Featured in iVillage.ca – Diwali edition.
It’s the quintessential dessert of the Indian cuisine. This traditional Indian pudding does not just round off the meal in an occasion at home, at a restaurant, or in festivities; it is a comfort food. And this ever popular dessert is also much revered, as it is often offered as a “prasad” during worship.
Fragrant rice is delicately flavored with cardamom and saffron; and along with the nuts and rose, this creamy, silky dessert will steal your heart.
And it is that time of the year again. Diwali, the Indian festival of lights is here again!
Along with a wide range of history behind this festival, it is also a celebrating the light that dwells and shines within us all. It is the time for worship and flowers, a new beginning and new year.
Happy Diwali to all of you and yours! Wishing you lots of happiness, and prosperity!
It has been about 17 years that I have not been home during this time. I do miss it a lot and what I mostly remember is my childhood spend with my family and cousins, lighting up the candles and the diya all over the house and then spend the evening doing some fireworks – usually the mild sparklers. What I do not miss is the loud noises of the fire crackers. In Bengal, Diwali is not as big as the Durga Puja, but it does hold its own strong place and has its own enchantment. The dark moonless night would light up with the shimmering glow from every house. Rows of lights are adorn the terrace, balconies and the window sills. The adults would fast all day until the worship in the late evening. The fast would be broken only when the “prasad” (offering to God), is offered after the worship was done. The children just concentrated on having fun with fire crackers, eating and decorating the home.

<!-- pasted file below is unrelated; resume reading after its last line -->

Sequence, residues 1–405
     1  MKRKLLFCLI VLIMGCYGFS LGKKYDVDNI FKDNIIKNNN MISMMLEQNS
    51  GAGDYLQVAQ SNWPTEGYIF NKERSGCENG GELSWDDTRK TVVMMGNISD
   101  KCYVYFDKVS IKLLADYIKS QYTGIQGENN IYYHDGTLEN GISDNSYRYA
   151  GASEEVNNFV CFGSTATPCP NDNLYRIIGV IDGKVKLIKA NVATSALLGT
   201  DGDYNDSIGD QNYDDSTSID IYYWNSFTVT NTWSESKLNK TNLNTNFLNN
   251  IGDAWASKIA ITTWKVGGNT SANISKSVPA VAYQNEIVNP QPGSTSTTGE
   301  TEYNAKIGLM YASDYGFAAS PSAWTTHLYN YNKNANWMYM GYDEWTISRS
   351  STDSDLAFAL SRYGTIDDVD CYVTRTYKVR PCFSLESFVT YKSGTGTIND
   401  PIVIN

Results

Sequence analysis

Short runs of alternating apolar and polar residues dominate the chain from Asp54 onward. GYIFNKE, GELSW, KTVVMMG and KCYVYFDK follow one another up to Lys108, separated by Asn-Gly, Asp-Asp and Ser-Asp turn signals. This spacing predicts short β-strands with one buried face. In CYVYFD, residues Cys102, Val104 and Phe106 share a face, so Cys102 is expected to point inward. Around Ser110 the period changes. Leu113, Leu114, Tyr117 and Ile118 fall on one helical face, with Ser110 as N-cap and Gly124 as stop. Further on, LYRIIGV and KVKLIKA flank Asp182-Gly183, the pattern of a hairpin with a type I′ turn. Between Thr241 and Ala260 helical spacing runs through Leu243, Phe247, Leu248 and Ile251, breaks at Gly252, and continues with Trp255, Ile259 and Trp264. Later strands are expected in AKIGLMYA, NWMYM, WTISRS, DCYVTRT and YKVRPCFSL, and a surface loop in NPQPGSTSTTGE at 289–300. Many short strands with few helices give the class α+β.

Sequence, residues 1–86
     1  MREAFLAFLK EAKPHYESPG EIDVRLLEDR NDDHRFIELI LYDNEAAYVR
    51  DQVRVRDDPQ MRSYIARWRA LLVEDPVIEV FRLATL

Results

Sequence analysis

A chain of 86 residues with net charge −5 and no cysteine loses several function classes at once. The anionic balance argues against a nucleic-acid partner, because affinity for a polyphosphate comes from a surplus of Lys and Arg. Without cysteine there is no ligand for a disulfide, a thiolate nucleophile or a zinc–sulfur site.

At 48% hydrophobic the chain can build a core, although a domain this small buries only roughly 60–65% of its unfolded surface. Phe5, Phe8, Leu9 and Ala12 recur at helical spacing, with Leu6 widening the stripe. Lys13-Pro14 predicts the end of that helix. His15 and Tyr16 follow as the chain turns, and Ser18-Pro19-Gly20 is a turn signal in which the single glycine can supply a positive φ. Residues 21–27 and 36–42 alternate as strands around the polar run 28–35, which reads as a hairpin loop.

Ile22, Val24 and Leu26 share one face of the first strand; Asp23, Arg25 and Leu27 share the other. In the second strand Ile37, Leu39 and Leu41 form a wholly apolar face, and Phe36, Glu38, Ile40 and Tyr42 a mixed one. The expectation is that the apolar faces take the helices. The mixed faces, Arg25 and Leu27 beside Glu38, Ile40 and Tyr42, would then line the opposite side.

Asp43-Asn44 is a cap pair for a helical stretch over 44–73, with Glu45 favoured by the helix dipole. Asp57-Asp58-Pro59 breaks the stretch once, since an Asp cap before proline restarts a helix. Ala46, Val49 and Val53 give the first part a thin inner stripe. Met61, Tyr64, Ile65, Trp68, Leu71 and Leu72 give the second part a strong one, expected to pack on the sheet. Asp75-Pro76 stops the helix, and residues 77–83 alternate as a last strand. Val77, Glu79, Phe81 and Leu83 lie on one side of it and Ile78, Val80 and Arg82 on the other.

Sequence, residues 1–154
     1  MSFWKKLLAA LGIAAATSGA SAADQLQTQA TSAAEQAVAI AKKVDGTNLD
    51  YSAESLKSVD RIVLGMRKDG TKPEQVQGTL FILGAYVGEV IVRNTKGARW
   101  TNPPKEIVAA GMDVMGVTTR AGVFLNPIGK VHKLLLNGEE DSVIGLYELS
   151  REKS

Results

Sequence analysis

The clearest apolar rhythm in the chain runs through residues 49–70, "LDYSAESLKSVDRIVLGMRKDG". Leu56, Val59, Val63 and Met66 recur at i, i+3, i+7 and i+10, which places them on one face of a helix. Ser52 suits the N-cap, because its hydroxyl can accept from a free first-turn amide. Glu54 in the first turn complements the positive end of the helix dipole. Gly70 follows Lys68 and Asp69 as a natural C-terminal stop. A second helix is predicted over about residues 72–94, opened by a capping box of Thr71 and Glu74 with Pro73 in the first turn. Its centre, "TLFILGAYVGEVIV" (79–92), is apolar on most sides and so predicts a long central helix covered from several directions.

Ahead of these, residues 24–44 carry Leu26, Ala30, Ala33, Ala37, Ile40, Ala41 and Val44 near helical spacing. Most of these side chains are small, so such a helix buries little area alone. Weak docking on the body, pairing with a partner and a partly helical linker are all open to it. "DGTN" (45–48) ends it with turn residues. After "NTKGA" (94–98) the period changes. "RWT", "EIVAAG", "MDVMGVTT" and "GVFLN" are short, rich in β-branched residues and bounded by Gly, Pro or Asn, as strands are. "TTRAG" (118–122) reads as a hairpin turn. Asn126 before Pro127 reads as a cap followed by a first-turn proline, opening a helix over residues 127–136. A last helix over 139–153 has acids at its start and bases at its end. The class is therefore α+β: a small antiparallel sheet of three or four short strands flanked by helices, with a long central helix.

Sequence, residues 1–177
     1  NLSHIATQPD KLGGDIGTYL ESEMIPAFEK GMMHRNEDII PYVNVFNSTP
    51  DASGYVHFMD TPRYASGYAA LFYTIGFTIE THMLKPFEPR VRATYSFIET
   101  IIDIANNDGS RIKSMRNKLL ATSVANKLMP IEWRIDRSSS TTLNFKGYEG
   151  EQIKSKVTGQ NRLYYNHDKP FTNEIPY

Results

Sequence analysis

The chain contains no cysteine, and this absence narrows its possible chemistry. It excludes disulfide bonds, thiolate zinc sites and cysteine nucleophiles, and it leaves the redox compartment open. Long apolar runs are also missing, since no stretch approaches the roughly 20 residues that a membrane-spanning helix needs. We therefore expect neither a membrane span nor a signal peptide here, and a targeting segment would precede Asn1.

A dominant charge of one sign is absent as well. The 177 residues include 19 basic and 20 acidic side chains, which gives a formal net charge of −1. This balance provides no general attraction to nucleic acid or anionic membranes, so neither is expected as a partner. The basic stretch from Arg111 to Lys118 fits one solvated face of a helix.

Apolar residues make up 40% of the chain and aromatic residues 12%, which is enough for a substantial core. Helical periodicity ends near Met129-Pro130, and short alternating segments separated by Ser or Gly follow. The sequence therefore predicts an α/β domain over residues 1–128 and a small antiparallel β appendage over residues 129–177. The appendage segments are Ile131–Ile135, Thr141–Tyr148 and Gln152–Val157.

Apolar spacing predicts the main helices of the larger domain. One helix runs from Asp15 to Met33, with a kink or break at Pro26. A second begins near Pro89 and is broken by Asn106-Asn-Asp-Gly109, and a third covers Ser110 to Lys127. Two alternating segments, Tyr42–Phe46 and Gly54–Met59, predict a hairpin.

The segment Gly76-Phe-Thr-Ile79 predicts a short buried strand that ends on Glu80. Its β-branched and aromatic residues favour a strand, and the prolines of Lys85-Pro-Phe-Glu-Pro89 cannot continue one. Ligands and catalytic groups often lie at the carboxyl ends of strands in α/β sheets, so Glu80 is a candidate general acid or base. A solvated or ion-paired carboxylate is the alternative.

And as with all festivities, food of course is an integral part.
The Indian rice pudding is a simple dessert where mostly rice or broken grains of rice is simmered in milk until cooked and is flavored with cardamom, saffron and sometimes rose water. Usually the long grain Basmati rice is used, but in the eastern regions of India, a short grain extremely fragrant rice called Kamini Bhog or Gobindo Bhog is also used to make Kheer.
Unlike a lot of rice puddings in other cuisines, Indian rice pudding uses no egg. The creamy custard like texture is achieved by slowly simmering the milk and therefore thickening and reducing it with constant stirring. While Kheer is a common term for rice puddings, it can also refer to puddings made with milk and vermicilli, semolina or tapioca pearls. In some regions of India, fruits and fruit pulps are added to the rice pudding.
Nuts and/or raisins are added for extra bite and the fancier versions may be garnished with edible silver foils or rose petals.
While Kheer, is what it is called in the northern parts of India, this pudding goes with many names; Payesh in the eastern regions and Payasam in the southern regions are the more common ones. Payesh in the eastern regions of India have a very unique version made with gur/jaggery and it is pale brownish in color with a very different flavor than the pudding that is sweetened with sugar.